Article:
The adjustable electromechanical tilting mechanism configured to change the tilt of the PL relative to the PS may include one or more of the following mechanisms: (i) a mirror that changes its angle; (ii) a device that changes the angle of the lens module relative to the sensor; and (iii) a device that changes the angle of the sensor relative to the lens module. In one embodiment, the camera, including the adjustable electromechanical tilting mechanism, weighs less than 5 g, and the adjustable electromechanical tilting mechanism is able to change the tilt of the PL relative to the PS in a limited range below 30° between the two utmost orientations between PL and PS. In another embodiment, the camera, including the adjustable electromechanical tilting mechanism, weighs less than 5 g, and the adjustable electromechanical tilting mechanism is able to change the tilt of the PL relative to the PS in a limited range below 10° between the two utmost orientations between PL and PS.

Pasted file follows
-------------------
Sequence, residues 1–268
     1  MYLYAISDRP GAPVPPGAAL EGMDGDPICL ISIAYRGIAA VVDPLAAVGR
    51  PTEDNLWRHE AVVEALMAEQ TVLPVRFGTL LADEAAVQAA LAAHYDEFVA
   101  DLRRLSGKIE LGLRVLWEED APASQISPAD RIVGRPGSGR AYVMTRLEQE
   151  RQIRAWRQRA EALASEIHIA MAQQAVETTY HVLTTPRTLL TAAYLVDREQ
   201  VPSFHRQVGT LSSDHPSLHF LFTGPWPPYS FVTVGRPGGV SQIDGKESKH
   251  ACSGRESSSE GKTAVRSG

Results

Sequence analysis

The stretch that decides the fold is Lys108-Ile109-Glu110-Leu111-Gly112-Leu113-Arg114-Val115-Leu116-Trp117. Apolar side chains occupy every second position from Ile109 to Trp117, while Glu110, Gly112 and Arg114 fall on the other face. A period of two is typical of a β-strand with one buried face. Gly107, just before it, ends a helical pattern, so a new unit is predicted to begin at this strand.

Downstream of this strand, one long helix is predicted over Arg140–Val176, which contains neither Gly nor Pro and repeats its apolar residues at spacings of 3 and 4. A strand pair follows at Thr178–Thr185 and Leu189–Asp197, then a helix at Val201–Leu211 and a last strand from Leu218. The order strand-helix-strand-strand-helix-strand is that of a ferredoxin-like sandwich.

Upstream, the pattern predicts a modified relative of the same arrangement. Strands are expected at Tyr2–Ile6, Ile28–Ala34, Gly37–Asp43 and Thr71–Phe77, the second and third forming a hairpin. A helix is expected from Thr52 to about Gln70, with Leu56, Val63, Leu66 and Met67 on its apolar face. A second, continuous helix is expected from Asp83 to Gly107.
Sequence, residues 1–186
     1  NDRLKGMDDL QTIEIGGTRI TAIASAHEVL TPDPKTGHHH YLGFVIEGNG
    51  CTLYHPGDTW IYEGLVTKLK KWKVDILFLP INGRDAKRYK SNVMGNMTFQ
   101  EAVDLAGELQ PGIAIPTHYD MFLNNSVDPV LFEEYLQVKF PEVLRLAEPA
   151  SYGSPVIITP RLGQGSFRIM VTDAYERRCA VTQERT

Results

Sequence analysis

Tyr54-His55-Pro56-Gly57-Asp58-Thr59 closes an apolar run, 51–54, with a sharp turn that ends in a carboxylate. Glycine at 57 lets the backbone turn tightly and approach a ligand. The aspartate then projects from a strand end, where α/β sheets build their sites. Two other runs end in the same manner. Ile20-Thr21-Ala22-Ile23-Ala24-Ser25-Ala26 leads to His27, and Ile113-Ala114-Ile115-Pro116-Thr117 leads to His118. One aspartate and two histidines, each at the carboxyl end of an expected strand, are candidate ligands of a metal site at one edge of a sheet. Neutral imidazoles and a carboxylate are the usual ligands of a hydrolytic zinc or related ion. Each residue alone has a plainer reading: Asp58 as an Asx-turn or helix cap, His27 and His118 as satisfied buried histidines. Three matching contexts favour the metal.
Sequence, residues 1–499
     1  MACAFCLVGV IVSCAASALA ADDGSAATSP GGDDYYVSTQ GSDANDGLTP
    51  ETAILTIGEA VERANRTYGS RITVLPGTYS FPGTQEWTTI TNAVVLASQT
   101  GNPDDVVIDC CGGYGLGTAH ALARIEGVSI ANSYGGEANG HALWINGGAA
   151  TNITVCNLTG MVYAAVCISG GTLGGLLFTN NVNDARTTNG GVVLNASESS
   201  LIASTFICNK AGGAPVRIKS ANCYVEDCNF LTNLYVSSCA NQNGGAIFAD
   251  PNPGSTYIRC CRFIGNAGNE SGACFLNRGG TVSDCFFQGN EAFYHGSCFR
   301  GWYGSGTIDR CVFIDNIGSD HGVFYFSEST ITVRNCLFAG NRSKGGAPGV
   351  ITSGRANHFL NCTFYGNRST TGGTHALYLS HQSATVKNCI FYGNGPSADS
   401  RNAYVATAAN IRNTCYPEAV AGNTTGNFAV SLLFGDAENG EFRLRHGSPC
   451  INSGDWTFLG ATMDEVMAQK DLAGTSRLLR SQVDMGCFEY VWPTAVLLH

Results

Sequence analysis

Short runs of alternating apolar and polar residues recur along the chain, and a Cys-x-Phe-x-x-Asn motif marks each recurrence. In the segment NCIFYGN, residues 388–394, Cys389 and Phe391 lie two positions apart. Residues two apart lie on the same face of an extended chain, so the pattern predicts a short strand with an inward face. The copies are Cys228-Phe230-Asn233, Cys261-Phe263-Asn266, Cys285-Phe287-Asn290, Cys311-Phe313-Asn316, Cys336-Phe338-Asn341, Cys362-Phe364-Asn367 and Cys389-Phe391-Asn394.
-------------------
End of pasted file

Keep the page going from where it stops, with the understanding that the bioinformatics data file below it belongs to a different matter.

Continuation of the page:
In some embodiments, being able to change the tilt of the PL relative to the PS in a limited range reduces at least one of the weight, cost, and size of the camera, which is advantageous for a wearable device. In one example, the camera is manufactured with a fixed predetermined tilt of the PL relative to the PS, which is in addition to the tilt provided by the adjustable electromechanical tilting mechanism. The fixed predetermined orientation may be determined according to the expected orientation between the camera and the ROI for an average user, such that the adjustable electromechanical tilting mechanism is used to fine-tune the tilt of the PL relative to the PS for the specific user who wears the system and has facial dimensions that are different from the average user.